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Shocking New Report Puts the Cost of Immigration Reform in the Trillions


"The study…presents a staggering cost of another amnesty in our country."

(L-R) U.S. Sen. John McCain (R-AZ), Sen. Charles Schumer (D-NY), Sen. Marco Rubio (R-FL), Sen. Robert Menendez (D-NJ), and Senate Majority Whip Sen. Richard Durbin (D-IL) listen during a news conference on a comprehensive immigration reform framework January 28, 2013. (Photo by Alex Wong/Getty Images)

The Senate immigration reform bill being pushed by the so-called "Gang of Eight" will cost U.S. taxpayers roughly $6.3 trillion, according to a new study from the Heritage Foundation.

The study bases its claim on the estimated amount of benefits the feds will pay out to newly legalized immigrants minus the amount they will pay back in taxes.

The Heritage report claims that over the lifetime of newly legalized immigrants, the feds will dole out roughly $9.4 trillion in government benefits – including Social Security and Medicare, Medicaid, food stamps, coverage under Obamacare, etc.

Newly legalized immigrants, for their part, will pay back approximately $3.1 trillion in taxes:“Unlawful immigration and amnesty for current unlawful immigrants can pose large fiscal costs for U.S. taxpayers,” a summary of the report reads, noting the four types of relevant fed benefits and services:

Direct benefits. These include Social Security, Medicare, unemployment insurance, and workers’ compensation.

Means-tested welfare benefits. There are over 80 of these programs which, at a cost of nearly $900 billion per year, provide cash, food, housing, medical, and other services to roughly 100 million low-income Americans. Major programs include Medicaid, food stamps, the refundable Earned Income Tax Credit, public housing, Supplemental Security Income, and Temporary Assistance for Needy Families.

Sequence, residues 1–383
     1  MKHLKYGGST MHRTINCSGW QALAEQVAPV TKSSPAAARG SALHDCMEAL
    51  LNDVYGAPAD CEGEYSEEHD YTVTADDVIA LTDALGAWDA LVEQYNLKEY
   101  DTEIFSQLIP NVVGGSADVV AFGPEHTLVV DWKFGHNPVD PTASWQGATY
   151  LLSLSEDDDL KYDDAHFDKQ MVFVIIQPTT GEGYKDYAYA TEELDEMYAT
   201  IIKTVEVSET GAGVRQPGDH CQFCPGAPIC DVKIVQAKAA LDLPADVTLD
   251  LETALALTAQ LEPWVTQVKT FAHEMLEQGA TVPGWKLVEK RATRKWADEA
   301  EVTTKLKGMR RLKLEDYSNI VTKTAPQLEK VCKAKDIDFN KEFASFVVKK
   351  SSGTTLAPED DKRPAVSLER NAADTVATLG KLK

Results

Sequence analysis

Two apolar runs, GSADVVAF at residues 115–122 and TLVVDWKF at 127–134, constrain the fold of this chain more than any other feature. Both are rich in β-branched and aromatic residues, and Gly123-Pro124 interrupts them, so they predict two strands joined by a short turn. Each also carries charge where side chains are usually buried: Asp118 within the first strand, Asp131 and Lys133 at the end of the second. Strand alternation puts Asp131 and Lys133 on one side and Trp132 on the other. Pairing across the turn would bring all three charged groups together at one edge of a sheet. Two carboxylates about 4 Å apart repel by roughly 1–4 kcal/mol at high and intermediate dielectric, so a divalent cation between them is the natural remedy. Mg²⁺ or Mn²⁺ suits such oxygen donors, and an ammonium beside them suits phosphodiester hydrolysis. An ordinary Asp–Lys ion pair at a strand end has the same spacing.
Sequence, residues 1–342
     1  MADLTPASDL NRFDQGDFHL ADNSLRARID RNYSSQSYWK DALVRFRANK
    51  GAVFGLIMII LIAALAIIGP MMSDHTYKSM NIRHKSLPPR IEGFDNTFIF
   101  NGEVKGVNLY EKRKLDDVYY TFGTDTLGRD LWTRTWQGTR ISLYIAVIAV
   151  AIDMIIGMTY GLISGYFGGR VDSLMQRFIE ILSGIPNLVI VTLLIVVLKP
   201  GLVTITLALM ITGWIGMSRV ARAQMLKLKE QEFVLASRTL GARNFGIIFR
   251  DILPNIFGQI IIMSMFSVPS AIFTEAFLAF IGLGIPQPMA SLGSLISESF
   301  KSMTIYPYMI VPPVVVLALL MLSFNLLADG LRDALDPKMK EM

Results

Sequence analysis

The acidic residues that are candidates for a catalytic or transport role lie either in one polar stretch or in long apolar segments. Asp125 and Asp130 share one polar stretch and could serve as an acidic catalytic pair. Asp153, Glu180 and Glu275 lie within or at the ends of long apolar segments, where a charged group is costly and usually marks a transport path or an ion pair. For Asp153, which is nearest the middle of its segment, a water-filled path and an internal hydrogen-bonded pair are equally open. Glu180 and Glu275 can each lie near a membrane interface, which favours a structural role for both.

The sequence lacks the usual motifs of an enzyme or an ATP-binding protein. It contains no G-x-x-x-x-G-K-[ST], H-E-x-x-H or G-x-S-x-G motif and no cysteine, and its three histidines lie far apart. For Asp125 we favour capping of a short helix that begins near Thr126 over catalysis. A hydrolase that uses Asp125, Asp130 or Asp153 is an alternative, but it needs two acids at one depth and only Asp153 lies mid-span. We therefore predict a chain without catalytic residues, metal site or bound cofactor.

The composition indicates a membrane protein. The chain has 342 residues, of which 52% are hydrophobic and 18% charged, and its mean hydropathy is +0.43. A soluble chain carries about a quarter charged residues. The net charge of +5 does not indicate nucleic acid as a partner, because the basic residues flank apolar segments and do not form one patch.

Public education. At a cost of $12,300 per pupil per year, these services are largely free or heavily subsidized for low-income parents.

Population-based services. Police, fire, highways, parks, and similar services, as the National Academy of Sciences determined in its study of the fiscal costs of immigration, generally have to expand as new immigrants enter a community; someone has to bear the cost of that expansion.

“The study…presents a staggering cost of another amnesty in our country,” Heritage President Jim DeMint said Sunday during a roundtable discussion on ABC News’ “This Week," citing the “detrimental effects long-term” of fed benefits that would be extended to immigrants offered “a path to citizenship” under the reform bill currently being considered.

“There’s no reason we can’t begin to fix our immigration system so that we won’t make this problem worse. But the bill that’s being presented is unfair to those who came here legally,” he added. “It will cost Americans trillions of dollars. It’ll make our unlawful immigration system worse.”

Watch former Senator DeMint discuss immigration reform here [relevant comments at the 03:00 mark]:

This is not Heritage’s first takedown of an immigration bill.

Indeed, when the U.S. Senate tried in 2007 to negotiate immigration reform, the conservative think tank released a study that many say helped derail those efforts (the group put the cost of immigration at roughly $2.6 trillion).Unsurprisingly, the group’s studies on the cost of immigration reform have attracted critics, including Alex Nowrasteh of the Cato Institute, who wrote in April that the study’s “flawed methodology produced a grossly exaggerated cost to federal taxpayers of legalizing unauthorized immigrants while undercounting or discounting their positive tax and economic contributions.”

But DeMint shrugs off these criticisms, arguing that estimates from groups such as the Congressional Budget Office, which claims immigration reform will lead to economic growth, are faulty at best.

“Well, CBO said Obamacare wouldn’t cost us anything. They’re basically puppets of the Congress and the assumptions they put in the bill. Heritage is only organization that has done an analysis on the cost,” DeMint said.

“If you consider all the factors related to the amnesty – and, believe me, this is comprehensive – that it will have a negative long-term impact on our gross domestic product,” he added.

“So we just want Congress, for once, to count the cost of a bill. They’re notorious for underestimating the cost and not understanding the consequences.”

You can read the full Heritage study here:


Follow Becket Adams (@BecketAdams) on Twitter

Featured image Getty Images. This post has been updated.

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